What will be covered in this workshop?
Leadership Ensuring that leaders have the right skills and clear understanding of their role is essential for their success. This workshop helps Managers to understand the essentials of leadership and enables them to develop their skills to deliver productive outcomes.
Communication The ability to communicate effectively is an essential skill in today’s world. Communication is a dynamic process and how managers communicate can positively or negatively affect workplace relationships and the performance of the team. This workshop covers the key communications principals and skills needed to get this right.
Motivation An often-asked question is “How do I get the best out of my team?” This workshop has been specially developed to help leaders understand this complex motivational question and assist them to develop practical tools which aid in motivating and engaging their teams and improve retention of staff.
Auckland food Facebook forum has turned sour, but “we’re going to fix that”
COMMENT: There are so many interesting food stories that don’t find their way in the daylight.
A friend and I sensed a growing disconnect between restaurants and customers which wasn’t helped by the fact that so much coverage of the hospitality scene is paid content. Businesses, most of them small, stumping up dollars to be included in ‘hottest’ lists, or to be ‘reviewed’ as a new opening, before they’ve even opened doors.
We felt there were elements in this scenario that didn’t benefit hospo operator or customer.
About 18-months ago we set up a Facebook group – Lazy Susan. It is now a popular, ever-growing platform for sharing knowledge on Auckland’s food. We’ve more recently founded Lazy Susan Travels to enable subject matter outside Auckland.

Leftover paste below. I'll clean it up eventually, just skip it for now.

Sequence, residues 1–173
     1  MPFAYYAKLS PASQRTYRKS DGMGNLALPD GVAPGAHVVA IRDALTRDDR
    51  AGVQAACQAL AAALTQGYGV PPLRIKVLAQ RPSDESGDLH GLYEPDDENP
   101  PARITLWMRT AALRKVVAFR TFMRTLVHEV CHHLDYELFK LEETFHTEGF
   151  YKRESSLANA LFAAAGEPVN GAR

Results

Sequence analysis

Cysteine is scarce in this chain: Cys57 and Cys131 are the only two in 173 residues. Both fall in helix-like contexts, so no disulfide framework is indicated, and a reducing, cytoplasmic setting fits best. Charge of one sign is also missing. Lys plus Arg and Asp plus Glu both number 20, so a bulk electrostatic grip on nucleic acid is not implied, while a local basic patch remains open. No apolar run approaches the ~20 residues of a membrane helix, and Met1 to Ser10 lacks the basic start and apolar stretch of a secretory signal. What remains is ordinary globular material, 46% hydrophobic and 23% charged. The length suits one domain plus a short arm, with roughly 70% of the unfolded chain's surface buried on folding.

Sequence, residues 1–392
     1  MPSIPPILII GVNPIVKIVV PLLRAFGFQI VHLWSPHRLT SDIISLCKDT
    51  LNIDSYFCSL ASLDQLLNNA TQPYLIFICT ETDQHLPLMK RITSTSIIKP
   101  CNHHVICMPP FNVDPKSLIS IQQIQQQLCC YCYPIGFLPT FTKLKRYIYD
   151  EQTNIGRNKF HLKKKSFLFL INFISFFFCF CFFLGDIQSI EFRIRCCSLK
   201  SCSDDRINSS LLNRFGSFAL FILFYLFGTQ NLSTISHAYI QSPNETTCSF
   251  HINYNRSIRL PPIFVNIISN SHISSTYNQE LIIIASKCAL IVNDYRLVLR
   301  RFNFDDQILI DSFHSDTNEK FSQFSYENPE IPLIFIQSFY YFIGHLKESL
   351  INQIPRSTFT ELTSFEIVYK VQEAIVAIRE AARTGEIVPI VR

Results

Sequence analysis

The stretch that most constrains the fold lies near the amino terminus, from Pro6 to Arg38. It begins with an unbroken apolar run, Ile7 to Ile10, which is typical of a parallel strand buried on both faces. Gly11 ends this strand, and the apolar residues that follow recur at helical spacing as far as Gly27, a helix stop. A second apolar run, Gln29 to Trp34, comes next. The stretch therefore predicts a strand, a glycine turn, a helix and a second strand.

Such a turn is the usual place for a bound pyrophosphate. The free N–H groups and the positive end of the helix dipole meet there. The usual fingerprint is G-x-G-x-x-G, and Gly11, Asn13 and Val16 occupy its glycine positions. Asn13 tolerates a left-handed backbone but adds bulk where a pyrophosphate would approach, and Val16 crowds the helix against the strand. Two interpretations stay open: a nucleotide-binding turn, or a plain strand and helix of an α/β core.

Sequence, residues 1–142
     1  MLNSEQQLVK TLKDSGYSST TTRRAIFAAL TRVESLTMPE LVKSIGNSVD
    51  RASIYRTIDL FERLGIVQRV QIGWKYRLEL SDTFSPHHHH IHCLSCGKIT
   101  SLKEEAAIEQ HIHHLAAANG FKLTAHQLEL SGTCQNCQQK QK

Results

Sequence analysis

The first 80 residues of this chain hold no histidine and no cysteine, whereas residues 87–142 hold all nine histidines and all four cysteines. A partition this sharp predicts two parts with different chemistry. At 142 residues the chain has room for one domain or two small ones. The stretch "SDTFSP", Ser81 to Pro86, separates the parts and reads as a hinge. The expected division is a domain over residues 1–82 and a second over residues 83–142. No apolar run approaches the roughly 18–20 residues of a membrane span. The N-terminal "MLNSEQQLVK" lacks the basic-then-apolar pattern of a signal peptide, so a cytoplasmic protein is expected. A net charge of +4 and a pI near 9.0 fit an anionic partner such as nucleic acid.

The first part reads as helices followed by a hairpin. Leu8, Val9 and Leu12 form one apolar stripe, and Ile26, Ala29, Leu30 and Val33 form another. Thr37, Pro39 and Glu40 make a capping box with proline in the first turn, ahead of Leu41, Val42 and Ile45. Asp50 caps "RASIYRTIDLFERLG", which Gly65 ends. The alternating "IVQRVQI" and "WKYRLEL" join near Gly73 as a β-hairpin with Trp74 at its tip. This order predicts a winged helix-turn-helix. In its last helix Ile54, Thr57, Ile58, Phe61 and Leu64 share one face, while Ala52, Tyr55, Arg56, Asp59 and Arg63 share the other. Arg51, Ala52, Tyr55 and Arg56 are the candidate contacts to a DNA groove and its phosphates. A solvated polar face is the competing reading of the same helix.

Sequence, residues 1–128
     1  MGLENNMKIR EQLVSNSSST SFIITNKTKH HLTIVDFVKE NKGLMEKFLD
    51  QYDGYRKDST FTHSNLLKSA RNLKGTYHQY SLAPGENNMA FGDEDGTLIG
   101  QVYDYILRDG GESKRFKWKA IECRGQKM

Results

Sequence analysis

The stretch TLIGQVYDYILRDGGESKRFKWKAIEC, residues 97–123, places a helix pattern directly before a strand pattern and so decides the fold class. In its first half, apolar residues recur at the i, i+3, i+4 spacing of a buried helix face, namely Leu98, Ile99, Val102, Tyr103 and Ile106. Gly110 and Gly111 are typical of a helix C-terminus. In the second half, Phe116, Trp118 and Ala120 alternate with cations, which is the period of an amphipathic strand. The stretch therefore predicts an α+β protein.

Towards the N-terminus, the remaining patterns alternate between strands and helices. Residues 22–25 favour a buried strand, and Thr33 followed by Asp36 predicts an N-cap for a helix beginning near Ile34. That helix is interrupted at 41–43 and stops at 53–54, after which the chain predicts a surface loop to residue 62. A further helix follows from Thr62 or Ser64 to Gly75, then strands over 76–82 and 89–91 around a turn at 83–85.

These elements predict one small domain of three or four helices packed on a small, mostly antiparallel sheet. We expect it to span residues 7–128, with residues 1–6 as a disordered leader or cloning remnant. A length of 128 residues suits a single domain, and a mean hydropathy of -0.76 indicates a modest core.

We’re proud of the busy, clever hive mind that Lazy Susan has become. The group is built on the principle of sharing positive experiences and knowledge; sharing the what, where and why of all things delicious and to discussing issues that perhaps aren’t getting airtime elsewhere.
A place where users can get first-hand recommendations and ideas from real people, and, we hope, where hospo operators and workers can liaise with customers.
We’ve allowed disappointments to be expressed, with valid reasons outlined – the world’s not all rosy, is it?
However a recent flurry of grumble posts – most notably one complaining about the size of a Prosecco pour in a popular restaurant (short story – it was a standard pour in a fairly large glass, a frenzy of comments followed) caused my co-admin and I to wonder: Why it is that negative posts garner so much attention? Should we judiciously weed out posts that look like they’ll detract from the overall aim of the hive? And honestly, what is it about the summer holidays that makes us lap up non-stories like greedy cats?
Plenty of times an eating or drinking experience leaves a sour taste in the mouth for whatever reason, and goodness knows there are plenty of places of the internet where you can go and have a good grumble, and wait for a strained (or not) reply from the manager.
A chunk of the problem with this he said-she said thing is that collectively we seem to get thrills from outrage over minor issues – a pour of wine that looks small in a large glass, an above-averagely priced coffee, a no-bill-splitting policy.
There are so many bigger-picture issues in the food scene we should feel outraged about – working conditions and pay, and mental health statistics in the hospitality industry, recurring instances of mistreatment of livestock, or why it is that NZ consumers feel the pinch of high food prices while simultaneously our food producers feel the pinch of low profits – what the heck’s with that?
While social media platforms can promote democratic discussion, comments can, and do, quickly get catty, intentionally or thanks to the myriad of ways in which one post of comment can be interpreted (perspective is everything).
It’s hard to keep things civil, people on all sides throw insults or feel insulted or both. A friend of mine, a food business operator, left the group – there are already enough places for hospo-bashing, he said.